10/05/2012 Driven: Aston Martin Virage Volante 6.3-Litre
“In the strongest possible contrast to the factory-made article, a pair of Lobb’s handmade shoes is a work of art, unique to their owner.” Substitute ‘Aston Martin’ for ‘Lobb’, and change the subject to things automotive, and you have some idea what this particular car is all about.
It is a convertible Virage, named as all open Astons have been since the DB6, a ‘Volante’.
The word might imply a fleetness of foot, perhaps the mythological flight of a wood-sprite… but the reality of a standard 5,340cc fuel-injected Virage coupé was hardly magical: ‘stately progress’, little more. And adding the extra weight of chassis strengthening and a power-operated hood to the Volante did not help.
So, when Works Service introduced a ‘big-bore’, 6.3-litre conversion producing 456bhp and 460lb ft of torque it was just what the model needed, and could propel a Virage to 60mph in well under six seconds and then on to a top speed in excess of 170mph.
In line with this considerable increase in performance, well-developed chassis modifications that included sports suspension, 18in wheels, and vented and drilled 14in front discs were also supplied under the all-encompassing title of ‘Works Service 6.3-litre Specification’.
Wider bodywork, incorporating flared wheelarches and new front, side and rear valances gave the car a more aggressive look and was the most-specified configuration.
However, much as Sir might prefer a a brown-and-white, co-respondent brogue to a plain-toe black Oxford, the world of bespoke commissioning at Aston Martin is there to assist and advise. For one very special user, HRH The Prince of Wales, this car – owned by Aston from new – retained its more discreet coachwork yet upgraded the engine, suspension and brakes to the optimum specification. As with the Prince's DB6 Volante, it was a manual - rare for a Virage Volante.
The car was just out of the service shop and will be MOT’d and taxed prior to the sale. With a whisker over 34,000 miles recorded from new, it looked very ‘ready to go’. The Special British Racing Green non-metallic paintwork and Mushroom hide went well together, in that unassuming, ‘not trying too hard’ manner much beloved by Britain’s elite. The car is, to all intents and purposes, a reprise on the similarly understated, limited series of V8 Vantage Volantes - all 'go' with little to show.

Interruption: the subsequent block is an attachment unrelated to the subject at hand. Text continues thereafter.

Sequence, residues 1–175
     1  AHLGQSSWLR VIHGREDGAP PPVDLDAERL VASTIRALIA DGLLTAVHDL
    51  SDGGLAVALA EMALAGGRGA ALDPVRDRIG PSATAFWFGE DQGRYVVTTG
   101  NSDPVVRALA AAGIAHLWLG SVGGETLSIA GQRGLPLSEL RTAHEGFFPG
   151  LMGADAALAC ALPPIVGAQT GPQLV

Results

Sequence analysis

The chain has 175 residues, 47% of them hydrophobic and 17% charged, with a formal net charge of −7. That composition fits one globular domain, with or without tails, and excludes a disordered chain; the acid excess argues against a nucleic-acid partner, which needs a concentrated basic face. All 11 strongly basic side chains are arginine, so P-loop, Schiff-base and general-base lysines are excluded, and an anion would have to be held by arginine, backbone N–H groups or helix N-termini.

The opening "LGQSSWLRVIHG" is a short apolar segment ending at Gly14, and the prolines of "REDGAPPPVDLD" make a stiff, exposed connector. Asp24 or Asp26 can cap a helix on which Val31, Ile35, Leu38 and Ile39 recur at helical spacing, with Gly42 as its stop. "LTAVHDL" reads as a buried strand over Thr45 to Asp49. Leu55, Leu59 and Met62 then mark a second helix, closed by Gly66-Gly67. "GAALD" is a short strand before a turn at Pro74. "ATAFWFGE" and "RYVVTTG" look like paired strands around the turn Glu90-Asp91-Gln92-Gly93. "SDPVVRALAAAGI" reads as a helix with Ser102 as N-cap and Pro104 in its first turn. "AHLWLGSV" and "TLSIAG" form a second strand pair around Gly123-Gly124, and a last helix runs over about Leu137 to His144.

While one felt the weight of the car on wide tyres turning out of ‘Works’ into Tickford St, from then onwards the big convertible felt very fresh, a credit to the technicians and a reminder of the careful engineering behind the 6.3-litre project. Its manual specification implied ‘driver’s car’, and out on the road the performance did not disappoint.
The engine is terrific, it really makes the car. I’ve never driven a fuel-injected 6.3 before but this one really pulled the sizeable machine along and genuinely impressed me with its urge, its flexibility and the way it transformed what could have been a lolloping cruiser into a nicely balanced, open 2+2. Likewise, the brakes and suspension are clearly in fine fettle and match the engine well.
With no flickering instrument needles, a surprisingly buffet-free cockpit (even with all windows down) and a muted, yet purposeful exhaust note, this was an awfully nice place to be. In fact, although I have an appointment with another Works-prepared 6.3-litre V8 Aston later this week in Monaco, I’d have happily driven this one down there like a shot.
It felt, in short, every inch the made-to-measure suit, the bespoke shotgun, the Lobb shoes and all the other over-used similes mentioned with the words ‘Aston Martin’ over the years.
But, don’t forget, these names are celebrated for good reasons: timeless British styling, handmade quality, strong performance and personalisation, all qualities this Virage Volante has in abundance.